By Hillel Aron
By Joseph Tsidulko
By Patrick Range McDonald
By David Futch
By Hillel Aron
By Dennis Romero
By Jill Stewart
By Dennis Romero
I was shocked to read such a hard-hitting, pull-no-punches, accurate piece as Brendan Bernhard’s [“The Butterfly Effect,” Feb. 17-23]. What a wonderful, albeit frightening, wake-up call to your overwhelmingly left-wing readers. While I’m not a regular reader of your publication, I’ve found it to be generally replete with “blame America first,” radical left-wing rubbish, so I was wondering if the editors were asleep at the wheel to allow such a terrific piece to be published this week.
I suspect that most Angelenos are largely unaware of how radical Islam intends to destroy their way of life, and how the West — wittingly or not — seems to allow, if not welcome, those radical Islamists to operate within its national borders.
While I don’t defend the poor judgment of those newspapers that have insulted the Muslim faith (Christians, especially Roman Catholics and Evangelicals, as well as observant Jews, commonly experience such degradations to their faith by the secular Western press), the response by radical Islam to the publication of these cartoons should be a wake-up call to every American.
After reading Harold Meyerson’s article [“The Shape of ’06,” Feb. 17-23], I consulted various Web sites I subscribe to, starting with Harry Reid’s Give ’em Hell Harry and moving on to the DNC. I planned to give both Reid and [Governor] Dean a piece of my mind for Reid’s tepid performance at the recent press breakfast Meyerson attended. Strangely enough, on Harry Reid’s site, I found the Democrats’ Energy Independence Plan. On the DNC site, I found a series of very laudable beliefs and principles.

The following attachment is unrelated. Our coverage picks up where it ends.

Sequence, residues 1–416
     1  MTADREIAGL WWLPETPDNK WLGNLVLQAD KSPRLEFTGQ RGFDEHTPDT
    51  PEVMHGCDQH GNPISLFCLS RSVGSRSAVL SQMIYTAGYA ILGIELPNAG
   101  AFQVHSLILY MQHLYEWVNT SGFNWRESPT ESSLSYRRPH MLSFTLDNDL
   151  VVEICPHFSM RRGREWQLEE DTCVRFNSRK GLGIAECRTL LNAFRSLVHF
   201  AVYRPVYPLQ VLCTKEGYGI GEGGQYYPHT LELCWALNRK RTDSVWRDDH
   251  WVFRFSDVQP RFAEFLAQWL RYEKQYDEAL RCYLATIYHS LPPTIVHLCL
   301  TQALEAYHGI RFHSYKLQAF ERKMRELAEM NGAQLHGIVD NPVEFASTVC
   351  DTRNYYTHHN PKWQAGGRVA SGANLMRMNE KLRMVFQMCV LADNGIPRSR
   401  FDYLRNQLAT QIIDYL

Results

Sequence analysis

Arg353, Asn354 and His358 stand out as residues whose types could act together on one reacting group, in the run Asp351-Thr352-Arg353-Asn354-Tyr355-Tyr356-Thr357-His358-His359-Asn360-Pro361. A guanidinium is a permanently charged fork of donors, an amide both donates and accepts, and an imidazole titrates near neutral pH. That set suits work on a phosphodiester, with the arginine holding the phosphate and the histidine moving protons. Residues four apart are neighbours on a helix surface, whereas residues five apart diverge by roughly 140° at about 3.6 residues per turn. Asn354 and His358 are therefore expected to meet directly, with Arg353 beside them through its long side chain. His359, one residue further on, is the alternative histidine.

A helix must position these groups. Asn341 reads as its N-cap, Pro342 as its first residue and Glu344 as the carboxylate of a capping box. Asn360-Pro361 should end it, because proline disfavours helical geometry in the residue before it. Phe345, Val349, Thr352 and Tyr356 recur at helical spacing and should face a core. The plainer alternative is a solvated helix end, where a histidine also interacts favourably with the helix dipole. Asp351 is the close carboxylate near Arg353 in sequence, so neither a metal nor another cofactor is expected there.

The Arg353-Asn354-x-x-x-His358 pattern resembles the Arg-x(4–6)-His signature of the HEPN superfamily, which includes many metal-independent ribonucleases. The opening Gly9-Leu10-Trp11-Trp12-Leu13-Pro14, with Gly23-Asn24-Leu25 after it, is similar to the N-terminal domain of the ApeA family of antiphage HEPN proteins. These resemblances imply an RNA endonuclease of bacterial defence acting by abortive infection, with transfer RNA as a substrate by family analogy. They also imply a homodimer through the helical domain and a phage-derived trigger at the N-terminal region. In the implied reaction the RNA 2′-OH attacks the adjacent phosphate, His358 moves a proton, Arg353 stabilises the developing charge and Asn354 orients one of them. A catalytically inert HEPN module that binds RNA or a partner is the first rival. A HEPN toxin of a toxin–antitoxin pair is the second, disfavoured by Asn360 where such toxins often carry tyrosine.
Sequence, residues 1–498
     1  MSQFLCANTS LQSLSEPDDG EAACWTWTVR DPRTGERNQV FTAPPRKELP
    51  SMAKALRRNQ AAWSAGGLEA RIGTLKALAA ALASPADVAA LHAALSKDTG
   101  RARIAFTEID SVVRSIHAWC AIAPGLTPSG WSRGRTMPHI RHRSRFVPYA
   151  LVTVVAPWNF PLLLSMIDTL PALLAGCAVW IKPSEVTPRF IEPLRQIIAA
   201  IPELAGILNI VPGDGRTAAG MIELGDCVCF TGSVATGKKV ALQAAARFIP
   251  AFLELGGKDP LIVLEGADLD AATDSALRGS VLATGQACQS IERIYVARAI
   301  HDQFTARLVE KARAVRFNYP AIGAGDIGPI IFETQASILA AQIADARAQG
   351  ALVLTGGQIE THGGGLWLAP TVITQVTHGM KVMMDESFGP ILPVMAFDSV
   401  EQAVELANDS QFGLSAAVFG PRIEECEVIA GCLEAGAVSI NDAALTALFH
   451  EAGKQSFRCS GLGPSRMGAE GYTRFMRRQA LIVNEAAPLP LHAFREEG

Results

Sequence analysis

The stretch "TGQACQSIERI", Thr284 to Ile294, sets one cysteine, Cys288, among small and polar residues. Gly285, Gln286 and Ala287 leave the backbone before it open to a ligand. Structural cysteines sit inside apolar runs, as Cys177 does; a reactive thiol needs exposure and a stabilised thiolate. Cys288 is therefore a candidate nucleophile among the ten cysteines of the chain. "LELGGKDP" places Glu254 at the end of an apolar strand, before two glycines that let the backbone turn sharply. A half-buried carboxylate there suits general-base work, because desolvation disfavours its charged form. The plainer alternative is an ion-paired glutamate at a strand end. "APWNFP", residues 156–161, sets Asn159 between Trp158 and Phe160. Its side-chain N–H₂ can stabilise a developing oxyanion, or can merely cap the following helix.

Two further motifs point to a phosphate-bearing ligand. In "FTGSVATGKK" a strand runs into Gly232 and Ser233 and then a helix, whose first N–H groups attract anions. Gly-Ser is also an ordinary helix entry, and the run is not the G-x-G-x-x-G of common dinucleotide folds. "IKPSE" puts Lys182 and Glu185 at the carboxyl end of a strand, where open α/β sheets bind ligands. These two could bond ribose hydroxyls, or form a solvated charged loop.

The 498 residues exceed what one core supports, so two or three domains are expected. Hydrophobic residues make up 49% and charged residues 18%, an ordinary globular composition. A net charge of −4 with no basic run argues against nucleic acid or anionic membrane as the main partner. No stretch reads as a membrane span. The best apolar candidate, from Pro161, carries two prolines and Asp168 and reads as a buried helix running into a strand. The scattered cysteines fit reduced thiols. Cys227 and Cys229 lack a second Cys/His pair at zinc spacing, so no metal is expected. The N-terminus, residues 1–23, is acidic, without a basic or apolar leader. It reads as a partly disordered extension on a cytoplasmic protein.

Do Democratic leaders fail to state the principles and beliefs on their own Web sites? Or do the media, L.A. Weekly included, simply ignore what Democrats do say, going for a sort of knee-jerk, brainwashed cliché — namely that the Democrats don’t have any ideas? Perhaps the Democrats have too many — and frequently conflicting — ideas. But then is this a sign of party weakness? Perhaps a party with many ideas might be able to synthesize those ideas and come up with stronger policies.
The Race Is On
Nikki Finke may or may not have some valid points [“How Gay Will Oscar Go?” Feb. 3-9].
However, to use the SAG Award for Crash as a barometer of a possible defection to Crash from Brokeback Mountain for best picture — well, I wouldn’t gamble on it. SAG’s track record in that category has only been four out of 11 times.
And I am hoping it’ll be four out of 12 on March 5.
How Could We?
Calendar items [“Readings,” Feb. 10-16] mentioned Carl Reiner signing his latest novel, NNNN. The novel’s actual title, pronounced almost the same way, is NNNNN.
In our article on same-sex commitment ceremonies [“We Do, Too!” Feb. 10-16], one of the subjects was misquoted. The writer had quoted Elissa Barrett as saying, “There were lots of lookie-loos hoping for a freak show. But people came up to us after, saying, ‘Wow that was just like a regular wedding!’ I think some of them were expecting us to wear flannel shirts and drive off in a truck or something.”
The quote should have read: “Frankly, we knew that some people were coming for the food and the freak show. But after the ceremony, people came up to us and said, ‘That was just a Jewish wedding!’ Some were expecting a spectacle, Trixie the Lavender Elephant hanging from the chandelier. What we gave them was two people in love.”